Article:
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OP amp design - RF Cafe Forums

Because of the high maintenance needed to monitor and filter spammers from the RF Cafe Forums, I decided that it would be best to just archive the pages to make all the good information posted in the past available for review. It is unfortunate that the scumbags of the world ruin an otherwise useful venue for people wanting to exchanged useful ideas and views. It seems that the more formal social media like Facebook pretty much dominate this kind of venue anymore anyway, so if you would like to post something on RF Cafe's Facebook page, please do.

Below are all of the forum threads, including all the responses to the original posts.


song123
Post subject: OP amp design Posted: Sun Sep 18, 2005 10:59 am
Hi everyone,

I am going to design a zero crossing detector with using an op amp.
Then, I found a basic circuit from internet that the circuit uses voltage divider from the main source (230 V) as as input voltage (V+) for the op amp.



One thing that I am not sure is, why it uses coupling capacitor instead of resistor in the voltage divider ? What is the advantage of it ?

Ok. Thank you in advance.


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song123
Post subject: Posted: Sun Sep 18, 2005 11:10 am
Sorry for the small image.
Here I make it bigger. Thanks.




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Guest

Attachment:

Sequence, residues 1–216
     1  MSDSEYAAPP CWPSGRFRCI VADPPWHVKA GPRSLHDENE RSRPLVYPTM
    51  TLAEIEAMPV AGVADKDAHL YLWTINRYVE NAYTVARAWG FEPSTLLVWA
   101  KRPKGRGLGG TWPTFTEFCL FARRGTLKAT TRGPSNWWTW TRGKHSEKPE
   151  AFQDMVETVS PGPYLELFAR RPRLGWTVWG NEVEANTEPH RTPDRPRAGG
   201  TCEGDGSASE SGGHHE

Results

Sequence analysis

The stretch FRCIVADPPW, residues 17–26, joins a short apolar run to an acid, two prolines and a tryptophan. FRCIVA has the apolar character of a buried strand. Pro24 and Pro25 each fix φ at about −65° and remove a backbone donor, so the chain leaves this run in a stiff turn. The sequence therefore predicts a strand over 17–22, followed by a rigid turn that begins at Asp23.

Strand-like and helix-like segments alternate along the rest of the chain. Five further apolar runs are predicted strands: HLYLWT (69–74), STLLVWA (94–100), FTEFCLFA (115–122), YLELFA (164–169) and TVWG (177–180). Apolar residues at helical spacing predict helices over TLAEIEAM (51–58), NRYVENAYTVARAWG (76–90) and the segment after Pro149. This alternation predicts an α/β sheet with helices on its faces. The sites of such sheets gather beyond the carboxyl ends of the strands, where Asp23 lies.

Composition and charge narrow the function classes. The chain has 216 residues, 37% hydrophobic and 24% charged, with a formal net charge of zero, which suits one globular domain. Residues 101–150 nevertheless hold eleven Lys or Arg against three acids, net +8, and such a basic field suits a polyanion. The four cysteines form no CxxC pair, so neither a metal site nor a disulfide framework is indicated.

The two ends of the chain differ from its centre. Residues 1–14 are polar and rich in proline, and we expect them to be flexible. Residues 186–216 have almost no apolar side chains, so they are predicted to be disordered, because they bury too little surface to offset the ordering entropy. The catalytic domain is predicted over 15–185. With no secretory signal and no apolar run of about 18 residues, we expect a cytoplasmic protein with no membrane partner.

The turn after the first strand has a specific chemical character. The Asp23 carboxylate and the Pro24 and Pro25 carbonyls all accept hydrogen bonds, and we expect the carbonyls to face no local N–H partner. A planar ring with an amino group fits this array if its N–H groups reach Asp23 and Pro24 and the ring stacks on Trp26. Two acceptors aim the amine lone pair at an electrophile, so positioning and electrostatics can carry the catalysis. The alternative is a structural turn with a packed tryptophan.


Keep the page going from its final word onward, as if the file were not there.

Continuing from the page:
Post subject: OpAmp QuestionPosted: Mon Sep 19, 2005 11:53 am
It's a matter of numbers.

Resistors convert power=current*voltage into heat, capacitors don't.

Why waste power?

Good Luck!


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Guest
Post subject: Re: OpAmp QuestionPosted: Mon Sep 26, 2005 11:25 am
Guest wrote:
It's a matter of numbers.

Resistors convert power=current*voltage into heat, capacitors don't.

Why waste power?

Good Luck!


Good Try..

The capacitor removes any DC offsets from the generator and the 500k provides the ground reference.


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Guest
Post subject: Coupling capacitorPosted: Wed Sep 28, 2005 5:44 pm
In most areas, the 230 V mains voltage comes from a transformer. Since transformers do not pass DC, there should be *NO* DC offsets on the incoming voltage.

A resistor would, in fact, work in the circuit where the capacitor is shown.

Good Luck!



Posted  11/12/2012
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